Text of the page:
In the interactive entertainment industry designers do not have this comfort, particularly when emotional involvement or narrative effects are involved. When a designer is told to make a design change there will often be no way to design around the problem because the project itself is in uncharted territory. In such situations the designer has no craft road-map to help protect the project, and no reference works with which to defend other possible solutions. The larger problem, at least in my recent experience, is that producers know this, and are themselves using the immaturity of the medium to make inroads on design issues, regardless of how little craft knowledge they have themselves.
While all of this is particularly true on the bleeding edge, I think it holds across the entire spectrum of interactive works in which emotional involvement is a design objective. The majority of mainstream interactive entertainment these days, from budget titles to triple-A projects, attempts to integrate narrative and interactivity to one degree or another. The average designer may have some good ideas or half-proven methodologies to work from, but between an ever-shifting platform and an ever-greater demand for story from the marketplace there seems to be little solid ground on which to stand.
In the midst of this uncertainty the interactive producer (or manager, or biz guy – whoever dispenses the cash) has proportionately greater power than their Hollywood counterpart because they know designers are still guessing. In fact, because the medium itself is unformed, producers may be tempted to be more creative, not less, influencing projects at the craft level by championing pet theories or flawed approaches to design problems.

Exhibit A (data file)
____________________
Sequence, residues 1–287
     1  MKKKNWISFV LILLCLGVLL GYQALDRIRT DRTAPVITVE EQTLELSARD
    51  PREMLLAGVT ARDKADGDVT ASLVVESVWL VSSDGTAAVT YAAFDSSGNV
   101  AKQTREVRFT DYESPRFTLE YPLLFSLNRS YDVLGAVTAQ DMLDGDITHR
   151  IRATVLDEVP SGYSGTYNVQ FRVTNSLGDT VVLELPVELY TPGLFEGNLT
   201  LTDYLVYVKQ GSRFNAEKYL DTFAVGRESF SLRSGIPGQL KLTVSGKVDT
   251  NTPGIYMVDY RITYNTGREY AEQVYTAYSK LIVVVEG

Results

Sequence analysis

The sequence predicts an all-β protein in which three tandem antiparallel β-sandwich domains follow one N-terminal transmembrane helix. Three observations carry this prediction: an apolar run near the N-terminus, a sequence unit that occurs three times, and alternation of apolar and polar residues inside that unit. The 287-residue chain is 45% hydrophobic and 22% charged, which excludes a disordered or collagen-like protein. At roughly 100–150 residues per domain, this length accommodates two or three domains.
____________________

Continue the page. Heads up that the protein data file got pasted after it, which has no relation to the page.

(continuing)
The tug of war between money and creativity is not new in commercial entertainment, and nothing here should be taken as advocating that the inmates be given the keys to the asylum. My concern is not that artists are having their creative visions strangled, it’s that the people least likely to help the industry mature creatively currently hold the most power. This is particularly true regarding interactive entertainment that aspires to create emotional involvement. Except for a few companies, little emphasis is placed on expanding the ways in which narrative and simulation can blend, the goal being to create emotional involvement in the context of interactivity on par with that found in movies or novels or theater.
To be sure, despite common tendencies and job descriptions, producers are not a monolithic force. The are not uniformly uninformed, and they are not secretly pushing a common power-grabbing agenda. Producers can be worth their weight in gold if they embrace their mission-critical responsibilities, and I’ve been lucky to work with a few that really stood out for facilitating rather than debilitating. In fact, producers didn’t create this problem, they’re simply reaping benefits from a constipated system that thwarts, rather than rewards, evolution.